You are here: Home - Specialist Lending - Bridging -

TSLE 2024: Unsecured credit stress not high but rise in arrears expected

  • 01/02/2024
  • 0
TSLE 2024: Unsecured credit stress not high but rise in arrears expected
Borrowers are tightening their spending but there has been an increase in stress in unsecured credit such as credit cards, loans or overdrafts and arrears are set to rise, a UK Finance executive has said.

Speaking at The Specialist Lending Event in Birmingham, Lee Hopley (pictured), director, economic insight and research, UK Finance, said that while there had been a buffer of savings built up during the pandemic there was a sense now that that had “run into the sand” pointing to lower retail sales during the festive period.

However, she said that the “good news” was that UK Finance had “not actually seen a lot of stress on the unsecured credit side”.

“It’s not like people have built up a lot of debt on credit cards, taken out loans or overdrafts which could also impact on their ability to move forward with a house purchase, for example, but it’s something we’re keeping an eye on.

“I have mentioned that that sort of belt-tightening among consumers is probably going to continue for the next couple of quarters,” she added.

Hopley added that there had also been a rise in arrears and that trend was likely to continue.


Lending recovery not expected until 2025

Hopley said that 2023 was a “tough year” coming off  “strong growth” following “temporary incentives” during the pandemic.

“Cost of living pressures, interest rate raises and affordability challenges across the market have really put the brake on the residential market so we are looking at a contraction of around a quarter. We will see falls of that magnitude this year, but we are not looking at a recovery in prospects until 2025,” she added.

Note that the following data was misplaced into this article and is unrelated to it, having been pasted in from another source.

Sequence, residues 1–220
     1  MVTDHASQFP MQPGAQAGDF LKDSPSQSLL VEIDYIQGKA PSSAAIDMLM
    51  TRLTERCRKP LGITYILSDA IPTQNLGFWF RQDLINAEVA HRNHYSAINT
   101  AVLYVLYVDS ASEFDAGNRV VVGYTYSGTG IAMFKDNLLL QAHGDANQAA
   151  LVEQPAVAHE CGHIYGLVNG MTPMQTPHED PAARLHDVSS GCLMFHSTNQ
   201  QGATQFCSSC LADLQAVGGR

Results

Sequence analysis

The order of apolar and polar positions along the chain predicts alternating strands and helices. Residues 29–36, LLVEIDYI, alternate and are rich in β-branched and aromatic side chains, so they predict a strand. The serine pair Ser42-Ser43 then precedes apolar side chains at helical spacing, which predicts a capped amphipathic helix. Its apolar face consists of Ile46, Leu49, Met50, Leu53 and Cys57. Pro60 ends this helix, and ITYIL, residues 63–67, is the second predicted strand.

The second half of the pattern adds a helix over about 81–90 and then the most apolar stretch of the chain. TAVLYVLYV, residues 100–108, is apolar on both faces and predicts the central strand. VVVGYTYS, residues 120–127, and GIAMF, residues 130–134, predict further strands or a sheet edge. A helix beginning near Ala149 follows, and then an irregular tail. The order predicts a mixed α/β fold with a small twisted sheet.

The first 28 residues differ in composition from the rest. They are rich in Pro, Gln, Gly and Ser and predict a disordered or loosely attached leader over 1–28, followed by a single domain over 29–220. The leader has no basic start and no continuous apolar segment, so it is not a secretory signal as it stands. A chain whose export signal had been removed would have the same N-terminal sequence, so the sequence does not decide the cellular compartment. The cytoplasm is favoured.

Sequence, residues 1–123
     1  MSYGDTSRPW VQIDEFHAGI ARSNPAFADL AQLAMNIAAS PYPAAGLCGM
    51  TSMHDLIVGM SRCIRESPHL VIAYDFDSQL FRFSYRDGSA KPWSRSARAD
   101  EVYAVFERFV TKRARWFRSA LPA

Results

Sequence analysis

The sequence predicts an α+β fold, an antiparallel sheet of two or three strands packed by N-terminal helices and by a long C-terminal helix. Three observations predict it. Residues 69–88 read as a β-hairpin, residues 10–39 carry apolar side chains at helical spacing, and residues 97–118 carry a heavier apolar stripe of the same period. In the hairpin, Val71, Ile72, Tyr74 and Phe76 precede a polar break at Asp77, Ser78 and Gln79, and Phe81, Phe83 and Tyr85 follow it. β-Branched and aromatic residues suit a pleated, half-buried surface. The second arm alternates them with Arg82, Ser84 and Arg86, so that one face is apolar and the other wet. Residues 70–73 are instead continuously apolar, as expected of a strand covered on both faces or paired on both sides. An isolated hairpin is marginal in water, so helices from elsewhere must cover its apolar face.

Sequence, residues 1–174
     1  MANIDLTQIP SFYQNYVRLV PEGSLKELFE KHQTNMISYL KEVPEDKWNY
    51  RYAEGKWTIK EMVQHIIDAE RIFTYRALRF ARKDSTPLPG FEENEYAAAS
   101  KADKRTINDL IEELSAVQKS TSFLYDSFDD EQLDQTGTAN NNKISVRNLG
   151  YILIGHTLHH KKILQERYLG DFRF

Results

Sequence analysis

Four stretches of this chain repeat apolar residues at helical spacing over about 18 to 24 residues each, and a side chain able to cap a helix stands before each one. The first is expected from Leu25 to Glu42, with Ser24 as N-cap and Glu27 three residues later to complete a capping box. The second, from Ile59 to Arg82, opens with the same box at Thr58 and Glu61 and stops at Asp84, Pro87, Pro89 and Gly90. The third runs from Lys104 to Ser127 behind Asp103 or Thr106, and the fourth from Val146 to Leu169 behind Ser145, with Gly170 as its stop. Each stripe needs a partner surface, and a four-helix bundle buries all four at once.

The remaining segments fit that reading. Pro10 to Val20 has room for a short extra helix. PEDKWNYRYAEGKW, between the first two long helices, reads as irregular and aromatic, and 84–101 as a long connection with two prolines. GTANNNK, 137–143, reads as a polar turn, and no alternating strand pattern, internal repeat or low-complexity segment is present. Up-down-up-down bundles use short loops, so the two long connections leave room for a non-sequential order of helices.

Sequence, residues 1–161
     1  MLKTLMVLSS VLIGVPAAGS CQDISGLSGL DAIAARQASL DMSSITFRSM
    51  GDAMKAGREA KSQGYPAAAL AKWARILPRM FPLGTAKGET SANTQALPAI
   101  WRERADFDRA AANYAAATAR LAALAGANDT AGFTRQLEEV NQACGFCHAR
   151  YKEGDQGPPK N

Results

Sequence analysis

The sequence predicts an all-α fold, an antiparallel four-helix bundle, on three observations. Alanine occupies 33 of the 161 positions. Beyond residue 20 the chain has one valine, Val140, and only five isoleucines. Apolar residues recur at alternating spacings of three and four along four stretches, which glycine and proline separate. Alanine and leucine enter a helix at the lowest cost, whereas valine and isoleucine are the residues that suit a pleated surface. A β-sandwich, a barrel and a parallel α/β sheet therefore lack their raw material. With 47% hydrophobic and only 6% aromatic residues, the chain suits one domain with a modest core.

Hopley added that the buy-to-let sector had had a “dog of a year” in 2023 and it was looking at similar falls in lending this year but not of the same magnitude. However, it would still be a “really difficult year” this year and there would be “minimal recovery” in 2025.

She added that 1.6 million people would be coming off fixed rates this year and that would be “where the opportunity is”.


Interest rates will come down but not at pace

Hopley continued that interest rates may come down this year but “not to the degree that they really need to get more first-time buyers and home movers over that opened-up affordability hurdle.”

She said: “There’s a lot more competition in market, you can see a bit more competitive pricing with the expectation that we’d be looking at lower interest rates over the course of this year. There’s some quite punchy predictions of the base rate perhaps falling by perhaps 100 basis points and I’m not quite there.

“I don’t think the majority of economists are quite that optimistic about the scale and the pace of bank rate cuts this year. Inflation is still up four per cent, wage inflation is still running at 6.5 per cent and the labour market is still tight. There are also a lot of geopolitical factors that present a real upside risk to inflation in terms of supply chain disruption, such as the war in Ukraine and escalation in the Middle East.”

Hopley said that with that geopolitical instability that it was unlikely that Bank of England “would necessarily be comfortable just looking through that and cutting interest rates regardless”.

“I’m cautious on that sort of narrative and I think it’s quite unhelpful sometimes for the media to say, well, inflation is falling so when’s the Bank of England going to cut. It’s not that simple an equation right now,” she added.

There is still time to register for The Specialist Lending Event. Events are taking place next week in Wetherby and Bolton.

There are 0 Comment(s)

You may also be interested in